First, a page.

I had sporadic bouts of dry eye in my 20s after Accutane, but never treated it because it wasn't constant or severe, and I had much worse symptoms to worry about. If you had low DHEA and supplements were suggested, I would take them just for the sake of seeing if it helps at all. I am surprised they don't offer some type of DHEA eyedrop over the counter yet. Or even testosterone eyedrops, since androgens have a powerful influence. See more information here if you haven't yet: https://forum.propeciahelp.com/t/anti-androgen-effects-of-accutane-dhea-as-potential-treatment-for-post-drug-dry-eye-syndrome/30964/15

 

Let me ask you a few things:

Do you have fatigue, low libido or ED, muscle or joint pains, severe depression, anxiety, or loss of emotive capacity since taking Accutane?

Have you reported your side effects?

Would you be willing to take an hour to complete a post-drug survey to help characterise common post-drug symptoms after Acctuane?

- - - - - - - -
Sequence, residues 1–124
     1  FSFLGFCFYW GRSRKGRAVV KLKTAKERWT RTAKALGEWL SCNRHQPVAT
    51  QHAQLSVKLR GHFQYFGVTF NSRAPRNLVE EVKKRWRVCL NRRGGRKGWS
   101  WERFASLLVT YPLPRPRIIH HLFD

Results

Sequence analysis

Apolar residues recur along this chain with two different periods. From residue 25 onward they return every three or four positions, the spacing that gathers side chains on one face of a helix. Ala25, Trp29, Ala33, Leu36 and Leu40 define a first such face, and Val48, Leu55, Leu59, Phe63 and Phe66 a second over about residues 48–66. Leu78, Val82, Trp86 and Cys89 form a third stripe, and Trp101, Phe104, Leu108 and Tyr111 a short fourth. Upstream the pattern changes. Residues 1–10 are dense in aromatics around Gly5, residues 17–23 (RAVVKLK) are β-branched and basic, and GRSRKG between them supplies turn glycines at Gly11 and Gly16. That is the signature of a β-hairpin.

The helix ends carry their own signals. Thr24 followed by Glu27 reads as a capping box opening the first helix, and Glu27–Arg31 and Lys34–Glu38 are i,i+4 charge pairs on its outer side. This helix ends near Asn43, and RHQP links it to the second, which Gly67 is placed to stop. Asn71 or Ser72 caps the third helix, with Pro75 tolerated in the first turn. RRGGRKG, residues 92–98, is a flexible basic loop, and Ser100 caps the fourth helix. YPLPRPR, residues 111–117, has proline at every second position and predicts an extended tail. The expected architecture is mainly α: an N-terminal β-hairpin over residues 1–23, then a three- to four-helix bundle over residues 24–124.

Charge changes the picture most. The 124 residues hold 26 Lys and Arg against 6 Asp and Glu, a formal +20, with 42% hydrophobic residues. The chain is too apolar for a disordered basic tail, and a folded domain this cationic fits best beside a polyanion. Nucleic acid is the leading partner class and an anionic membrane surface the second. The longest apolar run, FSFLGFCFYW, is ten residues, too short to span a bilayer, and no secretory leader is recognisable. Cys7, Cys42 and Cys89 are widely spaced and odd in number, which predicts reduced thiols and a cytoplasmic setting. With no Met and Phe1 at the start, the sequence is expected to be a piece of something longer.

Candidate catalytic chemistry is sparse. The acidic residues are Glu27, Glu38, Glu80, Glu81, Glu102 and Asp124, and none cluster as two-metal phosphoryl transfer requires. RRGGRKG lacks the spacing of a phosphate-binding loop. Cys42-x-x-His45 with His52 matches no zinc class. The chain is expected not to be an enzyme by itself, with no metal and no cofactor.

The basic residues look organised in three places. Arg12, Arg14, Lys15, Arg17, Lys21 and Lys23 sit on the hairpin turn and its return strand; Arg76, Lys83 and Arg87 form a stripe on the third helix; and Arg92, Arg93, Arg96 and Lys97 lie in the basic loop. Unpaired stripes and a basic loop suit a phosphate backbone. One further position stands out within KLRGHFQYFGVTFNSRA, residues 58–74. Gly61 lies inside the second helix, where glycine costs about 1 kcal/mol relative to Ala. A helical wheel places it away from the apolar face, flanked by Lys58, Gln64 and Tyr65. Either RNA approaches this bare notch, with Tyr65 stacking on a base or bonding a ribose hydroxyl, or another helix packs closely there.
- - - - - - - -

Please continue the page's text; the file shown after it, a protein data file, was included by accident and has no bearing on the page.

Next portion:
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@Dubya_B

Thank you for the information and the links.

I read once that the total testosterone is not very useful in some cases, but free-T or bioavailable T are. My endo says that she looks at bioavialable T. https://www.biron.com/en/glossary/bioavailable-testosterone/

I understand that my endo would like the pituitary MRI precisely because I have consistently low gonadotropins. From Wikipedia: “In primary hypogonadism the LH and/or FSH are usually elevated, meaning the problem is in the testicles, whereas in secondary hypogonadism, both are normal or low, suggesting the problem is in the brain.”

Yeah, I also doubt they find something very abnormal in the pituitary, but who knows? If I do the MRI I will post the results. I said “very abnormal” meaning a tumor or something visible. Because, if there are small changes, in the same way that there are in the sebaceous glands, or in the meibonian gland, or in the surface of the cornea or the conjunctiva, how could they compare the current pituitary with the former pituitary? That is not possible, and that is what researchers should focus on.

So you and a lot of Accutane users have high DHEA… that’s interesting. In principle, I wouldn’t think Accutane can increase AND reduce DHEA levels. So, or your high DHEA was caused by Accutane and my low DHEA not; or my low DHEA was caused by Accutane and your high DHEA not; or neither your high DHEA nor my low DHEA were caused by the drug.